Software Engineer at Khan Academy
Carnegie Mellon University, Computer Science & Robotics
What made you decide to work in tech?
My two older brothers introduced me to engineering. They’re both engineers and I grew up watching, and eventually joining, them take apart household appliances. When I got to high school, I had a series of amazing teachers who helped a group of us start a FIRST Robotics Competition team and who introduced me to programming. I decided to go into the tech industry because I love putting things together and this was a place where it was possible to create something tangible and have huge impact from just an idea.
What was an obstacle you faced and how did you overcome that obstacle?
I think I’ve been lucky in that I grew up in an household where there was never any question that I could be whatever I wanted and accomplish whatever I wanted as long as I worked hard and put my mind to it. My parents moved our family from Nigeria to the U.S. when I was 10 because they strongly believed that my brothers and I would have better opportunities here. They gave up a lot, more than I can comprehend sometimes, to make sure I went to great schools, from elementary school through university. Sometimes I struggle through periods of doubt (and I think everyone does to some degree) but it definitely doesn’t help when now and then I’ll get a comment either suggesting or outright saying that I only got an opportunity because of the color of my skin or my gender. But I’ve never let that stop me for long and that’s partly because it’s incredibly empowering to have parents and a family that believes in me as much as mine does.
What is your experience being a POC in Tech?
I initially found it pretty lonely, especially during college. Consistently being the only black woman in the room felt like a responsibility, and that pressure was exhausting. However, over the years of interning out in the bay area and now having moved here, things are much better because I’ve found a community. I no longer feel alone, because I’ve surrounded myself with friends and mentors that I know I can always lean on.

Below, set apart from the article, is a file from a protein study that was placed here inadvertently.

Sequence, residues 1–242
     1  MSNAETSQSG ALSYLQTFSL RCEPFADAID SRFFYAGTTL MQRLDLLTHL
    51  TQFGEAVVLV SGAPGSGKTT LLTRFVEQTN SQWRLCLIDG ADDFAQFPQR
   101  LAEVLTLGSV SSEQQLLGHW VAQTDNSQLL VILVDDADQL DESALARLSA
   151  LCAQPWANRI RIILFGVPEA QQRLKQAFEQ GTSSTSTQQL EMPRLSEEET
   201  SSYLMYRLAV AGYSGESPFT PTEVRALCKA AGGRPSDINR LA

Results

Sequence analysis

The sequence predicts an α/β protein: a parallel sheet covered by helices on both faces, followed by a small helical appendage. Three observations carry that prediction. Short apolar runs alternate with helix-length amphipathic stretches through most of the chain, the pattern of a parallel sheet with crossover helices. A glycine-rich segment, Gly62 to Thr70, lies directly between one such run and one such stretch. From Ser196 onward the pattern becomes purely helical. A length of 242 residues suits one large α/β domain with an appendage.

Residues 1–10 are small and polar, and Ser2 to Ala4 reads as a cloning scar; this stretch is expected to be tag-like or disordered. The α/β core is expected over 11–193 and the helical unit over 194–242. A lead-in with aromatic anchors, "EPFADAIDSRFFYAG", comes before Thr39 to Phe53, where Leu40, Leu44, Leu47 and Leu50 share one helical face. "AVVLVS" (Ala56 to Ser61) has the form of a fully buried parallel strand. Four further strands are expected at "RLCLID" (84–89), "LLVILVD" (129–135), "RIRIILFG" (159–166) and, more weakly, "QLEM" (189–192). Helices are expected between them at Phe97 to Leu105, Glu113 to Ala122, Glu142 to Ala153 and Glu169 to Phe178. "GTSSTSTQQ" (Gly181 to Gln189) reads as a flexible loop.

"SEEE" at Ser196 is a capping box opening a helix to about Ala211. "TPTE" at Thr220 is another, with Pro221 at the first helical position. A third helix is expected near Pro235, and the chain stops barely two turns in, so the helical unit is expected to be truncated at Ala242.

What was your perception about the tech industry before entering it, what is your perception now?
There was a hot second or two in my first years in college, where I bought into the myth that the tech industry is a meritocracy. But that idea was pretty quickly shattered after exposure to the industry. I saw how heavily companies recruited based on employee referrals, which might be a good system for companies that start out diverse but how many tech companies do? (Very few). Also, during conversations about diversity and making companies look more like the communities they serve, I just kept hearing tech leaders mention something along the lines of “Diversity is important to us, but we also won’t lower the hiring bar.” I would look around and could never find anyone else who seemed bothered with what I found to be an offensive implication that making an effort to have a more diverse workplace automatically meant having to hire people who aren’t qualified.
What are three tips you can give to high school/college students who want to enter tech?
1) Don’t be afraid to reach out if you have questions about the tech industry. I’ve found some incredibly supportive people over my four years interning and now working full-time in the tech industry, including people I initially thought would be much too busy to take the time to talk to me. Twitter is especially great for this.
2) Ask every question you have. Then when more come up, ask those too.
3) Try to work on side projects. They’re a great way to pick up technical skills, but they’re also great to have on your resume. I know it’s not always easy, but I think the reality of the industry is that side projects are the best way to get a foot in the door when you’re starting out and don’t have previous experience. I worked while I was in college. Between that and doing well in my classes, I didn’t have much time to work on side projects. So I ended up taking a lot of project-based classes where part of the class involved working on an independent project as a way to kill two birds with one stone.
Right now I’m playing around with React and React Native with tiny side projects but mostly I’ve been focused on putting my best foot forward during my first few months as a full-time developer. So far, I’ve worked on a wide variety of projects at Khan Academy; I’ve worked on projects to reduce our app size, to track our data usage, to allow for A/B tests in our phone apps, and a bunch of others. It’s really great because I’m learning a ton and I’m actually watching myself becoming a better developer.
Khan Academy is doing a Facebook Live chat with their software developers, Mopewa Ogundipe [featured above in episode 66] and Mike Lee, on Thursday, December 8th at 7 pm ET/4 pm PT. They’ll talk about their career paths and what they do at Khan Academy, and answer questions live.
Episode 66 – Mopewa Ogundipe
Episode 66 – Mopewa Ogundipe